Since 2008, McCrory has emphasized focusing community colleges on technical education and the needs of employers. And he said high schools should offer two tracks, one for children who want to go on to college and another for those who want to go into a trade.
"We're taking someone who wants to be a car mechanic and forcing them into classic English," McCrory said.
Dalton, by contrast, plays up the importance of early-college high schools for children who don't fit in with the traditional curriculum. These schools offer a combination of high school and community college classes.
Both Dalton and McCrory talk about the importance of technology in improving education.
However, Dalton talks more about the use of individual diagnostic tools to help teachers identify when students aren't learning and help them catch up.
McCrory talks more about using technology to help with things such as distance learning, allowing schools to share their best teachers across the state.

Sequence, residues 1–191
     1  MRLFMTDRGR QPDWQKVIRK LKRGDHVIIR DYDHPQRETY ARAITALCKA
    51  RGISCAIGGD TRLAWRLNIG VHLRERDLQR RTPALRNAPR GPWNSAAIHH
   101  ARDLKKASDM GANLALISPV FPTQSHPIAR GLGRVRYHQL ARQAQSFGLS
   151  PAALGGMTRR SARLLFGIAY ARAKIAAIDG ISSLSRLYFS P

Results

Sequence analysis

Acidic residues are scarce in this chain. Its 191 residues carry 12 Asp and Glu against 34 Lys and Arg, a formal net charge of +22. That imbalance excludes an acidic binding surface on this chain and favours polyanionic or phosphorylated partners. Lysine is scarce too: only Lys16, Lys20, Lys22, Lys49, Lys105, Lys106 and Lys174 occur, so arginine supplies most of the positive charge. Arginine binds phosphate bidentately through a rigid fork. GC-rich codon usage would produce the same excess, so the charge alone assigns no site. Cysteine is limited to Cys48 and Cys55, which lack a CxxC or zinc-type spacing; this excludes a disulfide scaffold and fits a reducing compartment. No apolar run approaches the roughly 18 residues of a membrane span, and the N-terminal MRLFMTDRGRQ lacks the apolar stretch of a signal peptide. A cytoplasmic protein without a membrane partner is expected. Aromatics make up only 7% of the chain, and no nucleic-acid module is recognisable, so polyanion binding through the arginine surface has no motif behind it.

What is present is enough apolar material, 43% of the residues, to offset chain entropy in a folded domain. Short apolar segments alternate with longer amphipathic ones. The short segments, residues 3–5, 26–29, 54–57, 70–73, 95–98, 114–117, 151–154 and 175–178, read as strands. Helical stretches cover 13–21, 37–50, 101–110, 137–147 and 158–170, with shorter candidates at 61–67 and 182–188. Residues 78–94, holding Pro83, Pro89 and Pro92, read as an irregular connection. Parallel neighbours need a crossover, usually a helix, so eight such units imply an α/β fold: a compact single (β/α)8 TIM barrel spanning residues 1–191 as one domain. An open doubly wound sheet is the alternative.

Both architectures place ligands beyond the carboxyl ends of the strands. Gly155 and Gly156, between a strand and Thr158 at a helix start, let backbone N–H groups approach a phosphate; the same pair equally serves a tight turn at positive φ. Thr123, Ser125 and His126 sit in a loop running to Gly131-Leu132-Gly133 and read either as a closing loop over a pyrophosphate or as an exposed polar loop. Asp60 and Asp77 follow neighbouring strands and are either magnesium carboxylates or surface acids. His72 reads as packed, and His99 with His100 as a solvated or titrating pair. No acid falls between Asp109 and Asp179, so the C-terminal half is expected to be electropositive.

Education stances draw different supporters
Their various stands have netted the candidates backing from different places. The N.C. Association of Educators, a teachers group that acts similar to a union, has backed Dalton. A lobbyist for the group said that had, in large part, to do with the two candidates' positions on tax credits for parents who send their children to private school.
Dalton rejects a legislative proposal that would have allowed businesses to get a tax credit for donating to a private school scholarship fund, calling it a "voucher."
McCrory, by contrast, has been asked to speak before groups that back tax credits and other programs to help students go to private schools. He said that while he would rather focus on change to public schools, he wouldn't oppose a tax credit program if it was "targeted" to specific individuals.
During the legislative session, Dalton backed Gov. Bev Perdue's call for a temporary sales tax increase to pay for education programs. The legislature rejected that effort and Dalton has since said he would not include a sales tax increase as part of his first budget as governor. Still, Republicans have used the the Perdue proposal to criticize Dalton.
McCrory and Dalton will put their policy differences on display during at least three scheduled debates.